Case Study

Paul's Story: Mental Health First Aid Courses

Mental Health First Aid Courses

In conjunction with Mental Health First Aid England, Racing Welfare run national mental health first aid courses allowing racing staff to take part in either a half-day training course or a more in-depth two-day course on mental health awareness. They are designed to give an understanding of what mental health is and the confidence to support someone in distress who may be experiencing a mental health issue. 

Paul's Story of becoming a Mental Health First Aider

Paul Swain, who works for the Racecourse Association, tells us how becoming a mental health first aider has helped him support people at work.


"I undertook the MHFA training last year and it has been invaluable, even before the Covid-19 pandemic. Now, the skills it has taught me and the empathetic thinking have been more useful than ever. The main thing I wanted to get across to anyone, be it work or personal, is that it’s important to keep talking.

COVID-19 and mental health at work

Many of my friends and colleagues have been separate from loved ones and some are living alone. I fall into this category too having been kept apart from my partner due to them falling into the vulnerable category and needing to self-isolate. With many colleagues being furloughed, the first thing was to establish a twice-weekly video call with our office. This involved everyone and wasn’t really even about work; we do quizzes, discuss pets, weekend plans etc. to keep people motivated and engaged.


People dip in and out of it and those who don’t participate I follow up with a short text or WhatsApp just to ask how they’re doing. Sometimes, they’ll leave it at a text reply which is fine, other times they want to chat one-on-one which is also fine. I’ve spent a good few hours just talking to people.


WhatsApp groups with friends are fantastic and you can keep in touch so readily. Of course it’s not the same as being in a room or at the pub, but it’s the next best thing and we all have compromises to make. Online gaming, too, is a great outlet and brings people together with a competitive element - a good thing to get adrenaline pumping and separate from the mundanity of lockdown.


It goes without saying, but empathy has to be at the forefront of your thoughts. We’re all individuals and will react differently to this situation, so bear that in mind when having multiple conversations. What works for some definitely will not work for others. It's also important to look after yourself, too. We can’t ask ourselves for support, but we can reserve time to keep to ourselves and undertake activities that we know work for us. Equally, find someone you can talk to and talk to them; it’s amazing when the shoe is on the other foot how much you have to offload and how much better you feel as a result."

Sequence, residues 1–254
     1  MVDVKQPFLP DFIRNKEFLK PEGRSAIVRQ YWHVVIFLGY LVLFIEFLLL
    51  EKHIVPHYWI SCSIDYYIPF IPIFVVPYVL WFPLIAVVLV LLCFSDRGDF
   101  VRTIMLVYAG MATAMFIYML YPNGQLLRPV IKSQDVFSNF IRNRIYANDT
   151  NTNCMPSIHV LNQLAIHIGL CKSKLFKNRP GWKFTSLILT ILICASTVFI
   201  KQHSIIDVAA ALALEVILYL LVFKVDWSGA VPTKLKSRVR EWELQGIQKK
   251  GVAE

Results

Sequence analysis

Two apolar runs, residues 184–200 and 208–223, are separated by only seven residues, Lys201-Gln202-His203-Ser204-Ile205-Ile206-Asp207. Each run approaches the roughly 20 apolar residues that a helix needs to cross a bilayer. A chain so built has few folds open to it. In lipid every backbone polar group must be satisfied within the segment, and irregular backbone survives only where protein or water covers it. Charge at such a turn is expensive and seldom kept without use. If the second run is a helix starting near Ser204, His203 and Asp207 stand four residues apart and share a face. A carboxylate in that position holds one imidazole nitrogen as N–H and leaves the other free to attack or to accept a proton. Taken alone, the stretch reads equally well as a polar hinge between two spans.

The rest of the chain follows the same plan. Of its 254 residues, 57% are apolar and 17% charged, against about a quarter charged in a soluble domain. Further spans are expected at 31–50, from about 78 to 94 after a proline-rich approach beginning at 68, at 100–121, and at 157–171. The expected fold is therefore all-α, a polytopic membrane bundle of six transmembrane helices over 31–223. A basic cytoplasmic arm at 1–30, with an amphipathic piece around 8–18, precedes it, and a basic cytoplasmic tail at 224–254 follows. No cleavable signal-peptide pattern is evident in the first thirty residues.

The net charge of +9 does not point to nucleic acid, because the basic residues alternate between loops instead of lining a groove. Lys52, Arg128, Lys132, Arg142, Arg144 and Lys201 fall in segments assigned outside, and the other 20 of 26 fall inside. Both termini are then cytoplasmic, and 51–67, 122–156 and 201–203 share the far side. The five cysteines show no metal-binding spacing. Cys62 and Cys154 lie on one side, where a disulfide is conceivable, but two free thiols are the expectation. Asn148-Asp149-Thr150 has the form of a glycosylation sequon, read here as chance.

My top tips as a Mental Health First Aider


  • Keep talking! Be it on the phone/video/text, any communication is good. Let those who need the help know you’re there and dictate the medium of how this communication is done.

  • Avoid constant social media trawling. There is more false info and negativity than ever, and the echo chambers that are our social media platforms can transform any problem into a catastrophe.

  • Introduce specific activities for group calls. Quizzes/online gaming/set conversation topics are a great way to keep chat flowing and encourage shyer people to be involved.

  • Ensure you have a confidant to ease your own pressure gauge.

  • Don’t be afraid or guilty of treating yourself. We have enough stresses to be dealing with, that daily cup of tea and homemade cookie is the least you deserve.

  • The old mantra ‘this too will pass’. It is so true.

How other Mental Health First Aiders have benefitted

If you are interested in taking part in a Mental Health First Aid Course you can find out more here.

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